What Could a Weekend of Violence Mean for the Occupy Movement?

From Oakland to London, a series of clashes over the weekend have pushed the Occupy movement into the public eye once again.

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Occupy Oakland protesters on January 28, 2012.

After a quiet start to the new year, a weekend of Occupy protests has resulted in hundreds of arrests in Oakland and accusations of police violence in London.

The American arm of the disputes began on Saturday afternoon, when Occupy Oakland protesters reportedly began dissembling construction barricades surrounding an empty convention center, with the intention of occupying the building. The Oakland police are no strangers to confrontation; they were widely lambasted for their enforcement tactics against the group in October. But according to a statement issued by the Oakland police, this weekend’s events saw the police as the targeted group, as officers were “pelted with bottles, metal pipes, rocks, spray cans, improvised explosive devices and burning flares.” After refusing to disperse at the police force’s demand, the crowd of protesters was subjected to tear gas.

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But the clash carried on when, a few hours later, City Hall was broken into and vandalized, according to officials. “Once again, a violent splinter group of the Occupy movement is engaging in violent actions against Oakland,” mayor Jean Quan said in a statement. “The Bay Area Occupy Movement has got to stop using Oakland as their playground.”

The mayhem resulted in anywhere from 200 to 400 arrests and the injury of at least three police officers. The Occupy Oakland movement responded to the police reports in its own statement, with a measure of condemnation for the city: “With all the problems in our city, should preventing activists from putting a vacant building to better use be their highest priority? Was it worth the hundreds of thousands of dollars they spent?”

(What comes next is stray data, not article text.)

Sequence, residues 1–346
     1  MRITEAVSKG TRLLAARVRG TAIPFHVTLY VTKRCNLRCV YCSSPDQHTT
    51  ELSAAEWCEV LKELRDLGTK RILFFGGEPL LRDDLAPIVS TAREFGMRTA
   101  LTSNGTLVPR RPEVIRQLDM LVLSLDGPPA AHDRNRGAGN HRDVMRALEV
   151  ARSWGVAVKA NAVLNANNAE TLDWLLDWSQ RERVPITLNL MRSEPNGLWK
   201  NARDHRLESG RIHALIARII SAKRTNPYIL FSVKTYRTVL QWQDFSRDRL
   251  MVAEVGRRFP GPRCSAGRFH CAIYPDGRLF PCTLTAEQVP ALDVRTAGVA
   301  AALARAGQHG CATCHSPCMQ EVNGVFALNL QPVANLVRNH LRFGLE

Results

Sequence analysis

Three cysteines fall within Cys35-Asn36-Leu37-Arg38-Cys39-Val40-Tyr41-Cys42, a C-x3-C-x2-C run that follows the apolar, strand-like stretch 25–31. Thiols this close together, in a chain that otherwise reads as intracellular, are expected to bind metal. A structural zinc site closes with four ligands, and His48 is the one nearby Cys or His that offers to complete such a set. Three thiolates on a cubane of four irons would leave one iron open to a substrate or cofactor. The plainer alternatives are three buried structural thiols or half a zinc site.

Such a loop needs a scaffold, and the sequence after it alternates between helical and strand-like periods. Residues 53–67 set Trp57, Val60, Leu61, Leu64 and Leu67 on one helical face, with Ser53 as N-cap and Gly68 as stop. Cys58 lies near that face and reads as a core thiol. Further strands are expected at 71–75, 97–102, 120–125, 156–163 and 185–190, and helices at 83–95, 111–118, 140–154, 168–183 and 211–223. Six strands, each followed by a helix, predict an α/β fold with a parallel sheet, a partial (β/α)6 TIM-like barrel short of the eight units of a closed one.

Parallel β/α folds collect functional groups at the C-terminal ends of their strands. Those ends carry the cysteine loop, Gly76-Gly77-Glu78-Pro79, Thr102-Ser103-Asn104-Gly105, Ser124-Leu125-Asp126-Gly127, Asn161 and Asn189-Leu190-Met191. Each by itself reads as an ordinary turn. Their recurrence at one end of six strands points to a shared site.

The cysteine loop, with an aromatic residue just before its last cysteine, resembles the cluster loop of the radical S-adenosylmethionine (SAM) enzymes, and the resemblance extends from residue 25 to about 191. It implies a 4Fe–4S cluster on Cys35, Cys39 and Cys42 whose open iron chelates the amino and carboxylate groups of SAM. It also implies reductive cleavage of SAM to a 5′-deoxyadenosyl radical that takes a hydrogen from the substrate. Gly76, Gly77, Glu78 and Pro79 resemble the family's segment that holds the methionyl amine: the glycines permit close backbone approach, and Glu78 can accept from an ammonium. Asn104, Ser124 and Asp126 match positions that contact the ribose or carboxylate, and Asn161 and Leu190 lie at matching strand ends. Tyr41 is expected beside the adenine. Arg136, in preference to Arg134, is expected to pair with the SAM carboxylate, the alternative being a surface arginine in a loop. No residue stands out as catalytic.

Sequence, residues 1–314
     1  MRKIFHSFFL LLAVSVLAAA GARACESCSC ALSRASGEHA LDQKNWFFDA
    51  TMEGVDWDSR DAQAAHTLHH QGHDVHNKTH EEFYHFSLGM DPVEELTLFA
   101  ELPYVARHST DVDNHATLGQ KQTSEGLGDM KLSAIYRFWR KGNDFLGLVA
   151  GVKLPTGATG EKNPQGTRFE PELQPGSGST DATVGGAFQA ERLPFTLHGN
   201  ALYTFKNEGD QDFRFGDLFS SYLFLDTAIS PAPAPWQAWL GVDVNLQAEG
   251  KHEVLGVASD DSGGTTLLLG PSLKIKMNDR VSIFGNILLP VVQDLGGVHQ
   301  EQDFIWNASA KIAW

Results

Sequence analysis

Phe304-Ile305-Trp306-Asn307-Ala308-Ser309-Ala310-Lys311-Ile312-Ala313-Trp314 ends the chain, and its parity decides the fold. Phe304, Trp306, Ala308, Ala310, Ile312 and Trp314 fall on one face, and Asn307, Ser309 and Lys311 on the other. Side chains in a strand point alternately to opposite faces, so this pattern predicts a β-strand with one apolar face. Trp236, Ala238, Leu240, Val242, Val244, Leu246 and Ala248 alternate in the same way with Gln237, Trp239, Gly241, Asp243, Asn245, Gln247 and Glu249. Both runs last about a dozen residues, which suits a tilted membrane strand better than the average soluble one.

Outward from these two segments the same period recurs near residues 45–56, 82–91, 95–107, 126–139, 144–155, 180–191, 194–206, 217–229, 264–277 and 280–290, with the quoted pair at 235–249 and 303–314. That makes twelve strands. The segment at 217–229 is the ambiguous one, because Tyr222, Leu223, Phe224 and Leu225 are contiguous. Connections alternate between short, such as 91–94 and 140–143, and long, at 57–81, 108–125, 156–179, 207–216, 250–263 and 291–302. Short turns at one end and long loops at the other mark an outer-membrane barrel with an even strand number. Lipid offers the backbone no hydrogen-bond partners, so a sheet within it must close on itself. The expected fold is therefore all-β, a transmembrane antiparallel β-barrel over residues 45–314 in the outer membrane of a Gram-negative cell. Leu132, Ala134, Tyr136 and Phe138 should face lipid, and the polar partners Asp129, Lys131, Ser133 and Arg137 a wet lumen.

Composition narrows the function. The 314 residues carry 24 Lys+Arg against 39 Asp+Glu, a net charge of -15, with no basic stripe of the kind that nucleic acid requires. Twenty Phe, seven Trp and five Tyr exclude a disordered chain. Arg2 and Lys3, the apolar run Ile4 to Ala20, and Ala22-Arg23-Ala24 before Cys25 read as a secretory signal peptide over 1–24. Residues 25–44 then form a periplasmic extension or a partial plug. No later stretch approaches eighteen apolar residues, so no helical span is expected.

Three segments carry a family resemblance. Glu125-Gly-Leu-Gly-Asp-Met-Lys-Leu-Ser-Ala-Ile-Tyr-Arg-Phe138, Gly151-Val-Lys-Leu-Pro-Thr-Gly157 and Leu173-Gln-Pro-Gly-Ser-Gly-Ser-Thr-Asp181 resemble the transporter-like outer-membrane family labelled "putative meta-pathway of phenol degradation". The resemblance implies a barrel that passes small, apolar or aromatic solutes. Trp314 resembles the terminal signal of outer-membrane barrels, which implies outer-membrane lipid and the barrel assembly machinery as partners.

Meanwhile, things were heating up across the pond. While the Occupy London movement has mostly been centered at St. Paul’s Cathedral near the London Stock Exchange, satellite groups set up camp in Finsbury Square and a vacant office block owned by UBS, known to protesters as the Bank of Ideas. And it was in the Bank of Ideas, an informal educational center for the movement, where things kicked off just after midnight on Sunday night. Surprisingly, it was the eviction of dozens of protesters that was the easy part. After the Occupiers had been removed from the building, protesters alleged that one bailiff assaulted a photographer before driving a car through the crowd. Scotland Yard has since announced that one bailiff has been arrested due to charges of assault.

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While the strife in London was markedly different from the clash in Oakland, it was worrying for those protesters awaiting their fate over at St. Paul’s, who imagined glimpses of the possible future. The movement’s media team said that the late-night eviction and violence did “raise great concerns for Occupy London as it begins a week in which its Occupy London Stock Exchange occupation by St. Paul’s faces eviction.”

And it’s looking increasingly like they might have something to be concerned about. After a court ruled that the St. Paul’s protesters could be legally evicted by the City of London from the church property, the group has been planning appeals and negotiating with cathedral officials to find a way to stay or at least keep a presence in the area. St. Paul’s had even offered to allow the Occupy movement to keep a long-term exhibit or stand on the grounds, so long as the camp cleared out their tents from the area. But  past resistance from the movement has led the the City of London to take the hardline, refusing any compromise. “The time for talking has gone,” a spokesman told the Guardian. The remaining questions is, has the time for a sweeping — and possibly violent — eviction entered in its place?